The China-US trade war was "dumb" to begin with. Now it is "getting dumber." As if the trade war which has cost the US economy tens of billions of dollars already was not bad enough, the US president went on to increase tariffs from 10 percent to 15 percent on 200 billion US dollars of Chinese goods and threatened to impose duties on all Chinese "imports."
Impact of the trade war on the US economy
The impact of increasing tariffs from 10 percent to 25 percent on 200 billion US dollars of Chinese goods would cost the US economy 0.37 percent of its values over three years, eliminate 934,700 jobs and reduce family income by 767 US dollars each year, according to Trade Partnership Worldwide (TPW), a US consultancy.
Should Trump follow through with his threats of imposing 25 percent tariff on all Chinese imports, the damages to the economy would be enormous, potentially shaving off over 1.01 percent off US GDP, wiping out about 2.1 million jobs and costing each family of four almost 2,300 US dollars each year, according to TPW.
In a country with a rising impoverished population, slowing economic growth, etc., the trade war is the last thing America needs.
It could indeed be argued that making the products in China (and elsewhere) should enhance and sustain US economic growth because lower Chinese production costs stabilized inflation, kept interest rates low and increased real consumer income in the US. These factors should have created a favorable economic climate to attract new investment and increase consumption.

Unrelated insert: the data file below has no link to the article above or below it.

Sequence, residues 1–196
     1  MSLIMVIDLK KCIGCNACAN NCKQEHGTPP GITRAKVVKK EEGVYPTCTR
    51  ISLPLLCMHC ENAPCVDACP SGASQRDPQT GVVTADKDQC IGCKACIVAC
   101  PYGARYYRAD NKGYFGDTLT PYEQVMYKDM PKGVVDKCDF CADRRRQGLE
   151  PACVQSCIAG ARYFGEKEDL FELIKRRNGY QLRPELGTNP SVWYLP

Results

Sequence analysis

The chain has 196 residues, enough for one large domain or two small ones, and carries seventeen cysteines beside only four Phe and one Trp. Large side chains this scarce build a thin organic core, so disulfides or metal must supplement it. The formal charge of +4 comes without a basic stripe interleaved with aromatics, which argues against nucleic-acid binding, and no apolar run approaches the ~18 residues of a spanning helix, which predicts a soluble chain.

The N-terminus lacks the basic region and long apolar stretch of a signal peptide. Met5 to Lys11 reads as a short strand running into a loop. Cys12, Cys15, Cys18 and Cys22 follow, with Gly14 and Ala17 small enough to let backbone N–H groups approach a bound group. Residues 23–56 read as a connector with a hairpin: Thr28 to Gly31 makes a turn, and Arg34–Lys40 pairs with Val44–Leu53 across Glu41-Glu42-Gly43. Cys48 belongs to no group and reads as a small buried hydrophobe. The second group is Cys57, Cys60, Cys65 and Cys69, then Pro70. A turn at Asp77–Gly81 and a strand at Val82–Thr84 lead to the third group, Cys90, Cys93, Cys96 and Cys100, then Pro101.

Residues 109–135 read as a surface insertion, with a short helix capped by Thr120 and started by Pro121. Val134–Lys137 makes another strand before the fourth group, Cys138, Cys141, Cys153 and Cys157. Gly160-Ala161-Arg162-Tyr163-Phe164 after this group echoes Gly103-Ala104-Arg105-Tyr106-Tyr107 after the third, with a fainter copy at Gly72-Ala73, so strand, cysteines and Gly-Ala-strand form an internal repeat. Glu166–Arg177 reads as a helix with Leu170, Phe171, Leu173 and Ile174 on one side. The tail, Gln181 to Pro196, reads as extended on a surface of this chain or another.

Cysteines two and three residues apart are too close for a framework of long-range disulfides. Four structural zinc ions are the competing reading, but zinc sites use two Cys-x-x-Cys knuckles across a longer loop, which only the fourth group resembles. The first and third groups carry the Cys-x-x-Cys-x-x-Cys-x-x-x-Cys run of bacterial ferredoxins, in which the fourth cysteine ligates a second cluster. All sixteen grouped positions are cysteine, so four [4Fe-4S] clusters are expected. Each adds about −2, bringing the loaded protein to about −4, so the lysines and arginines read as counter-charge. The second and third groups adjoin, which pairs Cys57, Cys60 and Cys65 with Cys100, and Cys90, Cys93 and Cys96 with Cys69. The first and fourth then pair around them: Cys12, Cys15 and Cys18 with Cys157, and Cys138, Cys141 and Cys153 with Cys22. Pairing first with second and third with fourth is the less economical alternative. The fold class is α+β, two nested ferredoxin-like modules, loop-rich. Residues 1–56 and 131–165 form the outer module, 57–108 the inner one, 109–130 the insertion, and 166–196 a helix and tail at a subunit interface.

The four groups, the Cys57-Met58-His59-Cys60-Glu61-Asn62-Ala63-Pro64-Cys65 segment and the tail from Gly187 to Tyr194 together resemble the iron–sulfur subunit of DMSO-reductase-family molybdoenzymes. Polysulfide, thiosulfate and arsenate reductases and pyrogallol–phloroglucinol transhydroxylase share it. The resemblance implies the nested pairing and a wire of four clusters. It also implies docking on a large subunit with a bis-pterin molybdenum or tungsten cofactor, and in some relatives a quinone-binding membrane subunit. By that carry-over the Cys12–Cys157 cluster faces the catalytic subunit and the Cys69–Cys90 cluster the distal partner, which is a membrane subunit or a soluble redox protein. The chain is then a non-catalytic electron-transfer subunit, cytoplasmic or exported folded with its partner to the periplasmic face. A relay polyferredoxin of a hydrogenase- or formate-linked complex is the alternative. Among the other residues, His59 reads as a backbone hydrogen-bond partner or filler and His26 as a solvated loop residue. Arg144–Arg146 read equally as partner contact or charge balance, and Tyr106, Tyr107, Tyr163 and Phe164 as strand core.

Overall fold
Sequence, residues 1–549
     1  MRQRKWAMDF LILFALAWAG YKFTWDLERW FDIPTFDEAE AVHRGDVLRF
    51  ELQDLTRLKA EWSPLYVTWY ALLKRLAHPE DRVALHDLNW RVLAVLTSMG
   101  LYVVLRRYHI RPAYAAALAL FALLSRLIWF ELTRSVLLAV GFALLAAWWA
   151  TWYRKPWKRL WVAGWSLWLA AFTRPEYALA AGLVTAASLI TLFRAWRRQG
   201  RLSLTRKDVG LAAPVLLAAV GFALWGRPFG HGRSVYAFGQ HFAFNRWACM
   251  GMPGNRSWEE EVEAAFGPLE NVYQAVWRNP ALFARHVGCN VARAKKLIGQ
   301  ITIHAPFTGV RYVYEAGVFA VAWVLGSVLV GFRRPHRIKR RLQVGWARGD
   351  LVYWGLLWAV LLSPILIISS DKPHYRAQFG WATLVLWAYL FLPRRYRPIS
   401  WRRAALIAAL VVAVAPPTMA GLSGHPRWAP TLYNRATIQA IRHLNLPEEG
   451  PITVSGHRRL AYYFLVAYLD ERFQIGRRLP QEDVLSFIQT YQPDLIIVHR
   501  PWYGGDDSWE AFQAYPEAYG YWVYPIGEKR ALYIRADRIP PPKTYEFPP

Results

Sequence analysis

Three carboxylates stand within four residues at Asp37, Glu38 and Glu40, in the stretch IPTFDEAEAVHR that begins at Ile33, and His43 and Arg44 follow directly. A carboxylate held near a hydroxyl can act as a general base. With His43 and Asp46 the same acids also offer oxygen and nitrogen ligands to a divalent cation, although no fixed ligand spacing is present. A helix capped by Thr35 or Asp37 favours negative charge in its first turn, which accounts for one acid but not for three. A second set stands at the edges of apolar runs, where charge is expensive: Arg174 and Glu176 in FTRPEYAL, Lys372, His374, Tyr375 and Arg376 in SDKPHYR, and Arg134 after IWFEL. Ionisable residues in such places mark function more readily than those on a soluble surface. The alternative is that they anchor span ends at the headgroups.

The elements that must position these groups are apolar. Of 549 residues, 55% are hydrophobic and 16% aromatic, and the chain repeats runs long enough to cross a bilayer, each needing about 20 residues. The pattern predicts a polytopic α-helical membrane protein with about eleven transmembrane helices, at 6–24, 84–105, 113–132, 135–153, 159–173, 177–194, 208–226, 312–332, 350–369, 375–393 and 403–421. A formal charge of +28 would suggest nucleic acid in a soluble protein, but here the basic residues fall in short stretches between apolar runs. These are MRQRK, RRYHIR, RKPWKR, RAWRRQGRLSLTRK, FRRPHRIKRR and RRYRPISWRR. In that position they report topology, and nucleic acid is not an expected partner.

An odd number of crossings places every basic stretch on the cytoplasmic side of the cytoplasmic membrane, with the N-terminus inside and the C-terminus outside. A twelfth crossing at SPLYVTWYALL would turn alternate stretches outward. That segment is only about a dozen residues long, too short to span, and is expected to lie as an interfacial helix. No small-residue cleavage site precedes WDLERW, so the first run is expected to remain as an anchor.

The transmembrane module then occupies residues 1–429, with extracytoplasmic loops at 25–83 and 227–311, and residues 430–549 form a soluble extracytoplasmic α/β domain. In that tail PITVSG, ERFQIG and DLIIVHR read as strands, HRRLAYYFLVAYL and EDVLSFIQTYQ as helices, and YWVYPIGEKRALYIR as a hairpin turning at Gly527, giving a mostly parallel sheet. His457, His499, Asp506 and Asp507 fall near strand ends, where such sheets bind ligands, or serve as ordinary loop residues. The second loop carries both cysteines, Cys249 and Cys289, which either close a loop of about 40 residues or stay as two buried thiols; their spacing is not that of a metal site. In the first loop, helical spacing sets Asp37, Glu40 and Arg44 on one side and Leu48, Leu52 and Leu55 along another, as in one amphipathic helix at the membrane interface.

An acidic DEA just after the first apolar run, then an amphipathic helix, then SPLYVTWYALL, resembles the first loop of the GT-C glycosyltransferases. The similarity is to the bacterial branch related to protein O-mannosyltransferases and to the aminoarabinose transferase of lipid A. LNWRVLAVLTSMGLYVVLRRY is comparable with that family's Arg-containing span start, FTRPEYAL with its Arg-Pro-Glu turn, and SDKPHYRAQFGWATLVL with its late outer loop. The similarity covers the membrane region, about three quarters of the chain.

To that end, Trump's trade war is "dumb and dumber" because it unnecessarily raised US production costs and consumer prices, and prolonging its economic woes for no reason other than to keep China "in its place."
Global impact of the trade war
The China-US trade war has not only harmed the two antagonists' economies but also adversely affected those of the nations involved in the supply chain which US multinationals set up to take advantage of the relative superior efficiency that each country can offer.
For example, the US is relatively superior to China in technology and design, whereas China has a comparative advantage in manufacturing. Countries between Japan, South Korea, etc. have their own specializations. Working together has increased the economic well-being of all nations because each was getting a "piece of the pie." Shattering the supply chain is like throwing the "pie" away or money going down the drain.
It is, therefore, no surprise that the trade war has sent shockwaves to the economies that are involved in the supply chain, explaining why many American companies are demanding Trump to end his "dumb" and devastating trade war.
Being the world's two largest economies, trading nations, and resource buyers, the trade war will also impact nations beyond those directly participating in the supply chain of producing a specific product such as Apple's iPhone, particularly those depending on the Chinese market such as Australia, Canada and Brazil.